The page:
The decisions of the Board of Directors of the National Bank of Romania (BNR) are politically neutral but, nevertheless, they are adopted “in a political context in which one must be careful” and one must “weigh one’s words” so as not to be misinterpreted in a “capricious” elections year, BNR Governor Mugur Isarescu stated on Wednesday at a press conference that followed the announcement that the National Bank maintains the monetary policy interest rate at 2.50 per cent per year.
Isarescu pointed out that the BNR’s current Board of Directors is politically neutral and consists of professionals.
“The Board of Directors is neutral. I have seen speculations. The Board consists of professionals. (…) There is no political influence. At most, we are careful. These are monetary policy decisions in a political context in which one must be careful. One must weigh one’s words, so as not to be misinterpreted,” Isarescu said.
The Governor underscored that the BNR is determined to keep things under control in a “capricious” elections years, against the backdrop in which “it’s not easy anywhere in this world.”
“One has an impact via public message too. Our public message, if you want, in other words, is the following: with what we do, we are determined to keep things under control even during this pretty capricious elections year. It’s not easy. It’s not easy anywhere in this world, take a look at what happens in Europe and America too,” the Governor said.
Central Bank’s board decides to keep monetary policy rate at 2.50pct p.a.
At a meeting earlier on Wednesday the Board of the National Bank of Romania (BNR) decided to keep the bank’s monetary policy rate at 2.50 percent per annum, according to a BNR press statement.
It also decided to leave unchanged the deposit facility rate at 1.50 percent per annum and the lending facility rate at 3.50 percent per annum, and to maintain the existing levels of minimum reserve requirement ratios on both leu- and foreign currency-denominated liabilities of credit institutions.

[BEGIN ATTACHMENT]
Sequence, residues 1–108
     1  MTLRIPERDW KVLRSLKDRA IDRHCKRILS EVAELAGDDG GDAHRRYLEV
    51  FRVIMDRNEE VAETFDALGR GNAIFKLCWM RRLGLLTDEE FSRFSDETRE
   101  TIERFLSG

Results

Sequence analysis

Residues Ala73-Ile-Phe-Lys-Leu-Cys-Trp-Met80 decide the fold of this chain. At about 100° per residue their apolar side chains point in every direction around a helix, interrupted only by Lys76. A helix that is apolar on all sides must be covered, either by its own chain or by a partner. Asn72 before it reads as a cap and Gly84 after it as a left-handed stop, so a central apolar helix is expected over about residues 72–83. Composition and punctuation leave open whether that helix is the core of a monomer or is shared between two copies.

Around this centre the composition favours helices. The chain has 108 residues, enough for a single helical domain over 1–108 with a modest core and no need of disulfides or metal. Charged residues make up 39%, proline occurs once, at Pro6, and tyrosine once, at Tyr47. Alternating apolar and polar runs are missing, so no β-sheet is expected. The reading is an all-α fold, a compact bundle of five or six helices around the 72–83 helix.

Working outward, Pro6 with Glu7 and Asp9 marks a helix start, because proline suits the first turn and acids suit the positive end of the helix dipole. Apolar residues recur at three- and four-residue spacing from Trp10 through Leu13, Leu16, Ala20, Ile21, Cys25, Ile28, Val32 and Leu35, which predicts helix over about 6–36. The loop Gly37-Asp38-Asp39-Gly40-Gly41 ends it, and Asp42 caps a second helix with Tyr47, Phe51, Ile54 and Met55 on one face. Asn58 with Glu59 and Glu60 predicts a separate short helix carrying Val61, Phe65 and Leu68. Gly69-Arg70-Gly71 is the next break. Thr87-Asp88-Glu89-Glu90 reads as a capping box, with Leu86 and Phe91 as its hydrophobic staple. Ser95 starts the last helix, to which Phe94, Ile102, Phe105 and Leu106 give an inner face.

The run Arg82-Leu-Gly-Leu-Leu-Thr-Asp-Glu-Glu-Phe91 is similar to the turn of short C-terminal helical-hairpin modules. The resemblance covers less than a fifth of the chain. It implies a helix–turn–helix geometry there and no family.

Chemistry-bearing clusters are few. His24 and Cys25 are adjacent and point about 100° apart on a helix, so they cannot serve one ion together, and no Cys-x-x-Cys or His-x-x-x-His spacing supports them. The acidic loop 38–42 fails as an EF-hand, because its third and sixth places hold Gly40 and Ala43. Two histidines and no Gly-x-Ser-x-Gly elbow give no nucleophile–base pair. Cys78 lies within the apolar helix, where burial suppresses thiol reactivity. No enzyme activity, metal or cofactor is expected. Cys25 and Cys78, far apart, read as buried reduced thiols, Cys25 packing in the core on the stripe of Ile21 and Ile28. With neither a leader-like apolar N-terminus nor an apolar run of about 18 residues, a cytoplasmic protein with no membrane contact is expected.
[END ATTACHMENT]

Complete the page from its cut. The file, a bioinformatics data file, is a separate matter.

“The decisions of the Board of Directors of the National Bank of Romania aim at ensuring and maintaining price stability in the medium term, in a manner conducive to sustainable economic growth and in keeping with the preservation of financial stability. The Board of Directors emphasizes that a balanced mix of macroeconomic policies and the implementation of structural reforms to stimulate the long-term growth potential are essential to maintaining macroeconomic stability and strengthening the Romanian economy’s capacity to cope with potential adverse developments,” the release says.
The annual CPI inflation rate rose to 4.03 percent in March 2019 and 4.11 percent in April, from 3.83 percent in February, above the target range and above predicted levels.
According to the central bank, the evolution was driven by higher prices for vegetables and fruit, as well as prices for fuel and tobacco products, the basic component of inflation also having a significant contribution.
The annualized adjusted CORE 2 inflation (which excludes from the CPI inflation administered and volatile prices for tobacco and alcoholic beverages) held steady at 2.7 percent in March, and rose to 3 percent in April. The advance reflects increasing inflationary pressures on demand and wage costs, as well as the impact of the new tax imposed on telecom companies, BNR specifies.